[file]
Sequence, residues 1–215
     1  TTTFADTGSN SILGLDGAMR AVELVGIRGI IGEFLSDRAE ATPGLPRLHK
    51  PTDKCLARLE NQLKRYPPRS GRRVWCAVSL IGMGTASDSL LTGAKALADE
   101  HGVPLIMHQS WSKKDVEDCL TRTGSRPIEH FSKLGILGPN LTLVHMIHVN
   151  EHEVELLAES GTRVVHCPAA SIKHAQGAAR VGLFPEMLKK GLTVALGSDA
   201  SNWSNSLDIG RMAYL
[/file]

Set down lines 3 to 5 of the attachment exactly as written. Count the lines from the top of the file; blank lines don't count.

    51  PTDKCLARLE NQLKRYPPRS GRRVWCAVSL IGMGTASDSL LTGAKALADE
   101  HGVPLIMHQS WSKKDVEDCL TRTGSRPIEH FSKLGILGPN LTLVHMIHVN
   151  EHEVELLAES GTRVVHCPAA SIKHAQGAAR VGLFPEMLKK GLTVALGSDA